Networking in Server Core

Microsoft has made a big push for Server Core as the default installation option for servers in recent times in order to reduce the number of required patches, reduce the installation footprint, and make the OS more secure by removing unnecessary features. As a result of this, knowing how to do things in PowerShell is becoming absolutely essential and, with the introduction of Nano Server in Windows Server 2016 (which has no GUI at all!), the command line will once again be king.

To assist with the transition, Microsoft provide an initial server configuration tool, called “sconfig”. Just type this into your Server Core machine, and you will get a command line guided wizard to perform all of the basic configuration for your servers, such as setting an IP address, changing the name and domain, and configuring Windows Updates.

However, this wizard can’t help you with everything, so for that we need to delve into PowerShell. I’ve got three examples of fairly standard procedures, so let’s get started.

The first is definitely the most common: setting an IP address. You can do this in sconfig, but it is worth knowing how to do it in PowerShell so you can script it. However, somewhat counterintuitively, you need to actually create an IP address on the adapter first, and then assign it to the adapter. The process is as follows:

New-NetIPAddress -InterfaceAlias "Ethernet” -IPAddress "192.168.10.4" -DefaultGateway "192.168.10.254" -PrefixLength 24
Set-NetIPAddress -InterfaceAlias "Ethernet” -IPAddress "192.168.10.4"

As an aside, I would recommend that you start getting into the habit of beginning your IP addressing from x.x.x.4 because if you will potentially migrate any workloads to Azure, this will allow you to keep the same IP addresses for your VMs (Azure uses the first 3 addresses in the range).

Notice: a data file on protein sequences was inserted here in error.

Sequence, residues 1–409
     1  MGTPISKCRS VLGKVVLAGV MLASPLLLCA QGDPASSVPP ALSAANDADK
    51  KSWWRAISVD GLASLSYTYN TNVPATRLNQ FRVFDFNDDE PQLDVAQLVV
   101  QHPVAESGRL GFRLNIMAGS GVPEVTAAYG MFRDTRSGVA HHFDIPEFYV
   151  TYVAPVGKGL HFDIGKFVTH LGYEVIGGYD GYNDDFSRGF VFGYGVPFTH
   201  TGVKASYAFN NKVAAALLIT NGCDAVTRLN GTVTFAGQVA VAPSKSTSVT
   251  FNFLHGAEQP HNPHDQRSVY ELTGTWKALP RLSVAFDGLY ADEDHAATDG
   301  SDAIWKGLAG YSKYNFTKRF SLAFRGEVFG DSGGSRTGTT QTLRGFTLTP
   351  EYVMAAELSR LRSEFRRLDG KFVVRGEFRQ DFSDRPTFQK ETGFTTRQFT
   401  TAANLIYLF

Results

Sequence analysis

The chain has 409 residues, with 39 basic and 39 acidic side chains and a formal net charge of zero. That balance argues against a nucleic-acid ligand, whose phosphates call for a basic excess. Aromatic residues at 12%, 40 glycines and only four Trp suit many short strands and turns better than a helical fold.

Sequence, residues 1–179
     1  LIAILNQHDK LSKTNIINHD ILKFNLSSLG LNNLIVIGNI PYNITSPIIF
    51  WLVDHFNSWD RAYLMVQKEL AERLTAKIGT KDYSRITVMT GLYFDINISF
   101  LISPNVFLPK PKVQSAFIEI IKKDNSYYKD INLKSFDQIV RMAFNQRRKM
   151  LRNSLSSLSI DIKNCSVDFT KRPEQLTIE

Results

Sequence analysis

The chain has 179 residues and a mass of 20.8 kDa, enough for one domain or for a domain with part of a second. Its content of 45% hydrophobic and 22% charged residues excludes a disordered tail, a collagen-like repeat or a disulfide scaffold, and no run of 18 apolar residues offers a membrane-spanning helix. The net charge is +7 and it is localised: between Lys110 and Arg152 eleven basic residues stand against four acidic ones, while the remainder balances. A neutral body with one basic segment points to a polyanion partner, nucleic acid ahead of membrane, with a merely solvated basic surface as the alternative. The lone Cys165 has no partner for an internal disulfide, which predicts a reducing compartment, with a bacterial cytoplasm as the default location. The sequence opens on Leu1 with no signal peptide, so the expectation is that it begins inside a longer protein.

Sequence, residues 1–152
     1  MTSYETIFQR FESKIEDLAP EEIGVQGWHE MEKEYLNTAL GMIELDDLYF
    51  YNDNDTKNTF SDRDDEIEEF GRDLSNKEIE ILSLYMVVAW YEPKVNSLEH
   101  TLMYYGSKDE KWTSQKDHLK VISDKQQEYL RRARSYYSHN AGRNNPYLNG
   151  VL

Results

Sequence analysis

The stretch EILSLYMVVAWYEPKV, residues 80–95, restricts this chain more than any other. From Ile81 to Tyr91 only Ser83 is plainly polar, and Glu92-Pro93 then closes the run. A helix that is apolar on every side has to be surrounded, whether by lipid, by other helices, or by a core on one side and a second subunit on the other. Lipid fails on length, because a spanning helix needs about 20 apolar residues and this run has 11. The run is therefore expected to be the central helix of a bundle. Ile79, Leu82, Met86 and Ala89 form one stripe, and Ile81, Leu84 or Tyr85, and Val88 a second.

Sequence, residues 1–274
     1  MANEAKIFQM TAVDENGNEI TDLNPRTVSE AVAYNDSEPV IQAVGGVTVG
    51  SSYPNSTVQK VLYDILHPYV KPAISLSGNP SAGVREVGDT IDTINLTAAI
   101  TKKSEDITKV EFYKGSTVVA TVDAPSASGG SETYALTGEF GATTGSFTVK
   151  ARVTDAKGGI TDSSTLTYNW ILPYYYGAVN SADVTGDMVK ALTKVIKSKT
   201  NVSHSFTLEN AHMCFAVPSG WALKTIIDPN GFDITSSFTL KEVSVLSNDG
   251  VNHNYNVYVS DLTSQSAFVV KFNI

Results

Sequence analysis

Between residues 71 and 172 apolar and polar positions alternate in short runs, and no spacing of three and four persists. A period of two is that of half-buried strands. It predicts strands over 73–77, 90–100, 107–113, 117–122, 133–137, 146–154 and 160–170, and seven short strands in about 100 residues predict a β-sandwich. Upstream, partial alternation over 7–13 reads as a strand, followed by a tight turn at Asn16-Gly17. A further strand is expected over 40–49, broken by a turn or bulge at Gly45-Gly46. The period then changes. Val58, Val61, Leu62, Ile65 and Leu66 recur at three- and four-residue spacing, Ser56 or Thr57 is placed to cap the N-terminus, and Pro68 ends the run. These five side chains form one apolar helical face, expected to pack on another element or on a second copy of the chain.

You’ll also need to set the DNS servers, if required, which can be done using the following command:

Set-DNSClientServerAddress –InterfaceAlias “Ethernet” –ServerAddresses “192.168.10.4”,”192.168.10.5”

Next, a slightly more atypical operation: disabling NETBIOS. This can give some performance advantage benefits on networks that do everything using IP addresses, such as Live Migration and Cluster networks:

$adapter = Get-WMIObject Win32_NetworkAdapterConfiguration | ? {$_.Index -eq ((Get-NetAdapter –Name “Ethernet”).ifIndex)}
$adapter.SetTCPIPNetbios(2)

Finally, another more advanced operation: disabling DNS registration for a network adapter. This can be useful from a management perspective when dealing with multiple network adapters in a system that you don’t want in DNS e.g. Cluster networks. The command is as follows:

Set-DNSclient -InterfaceAlias "Ethernet" -RegisterThisConnectionsAddress:$false

PowerShell is not going away any time soon, so start small with some basic server configuration, and then think about working your way up to more advanced operations; there’s a wealth of information out there, so don’t be afraid to give it a go!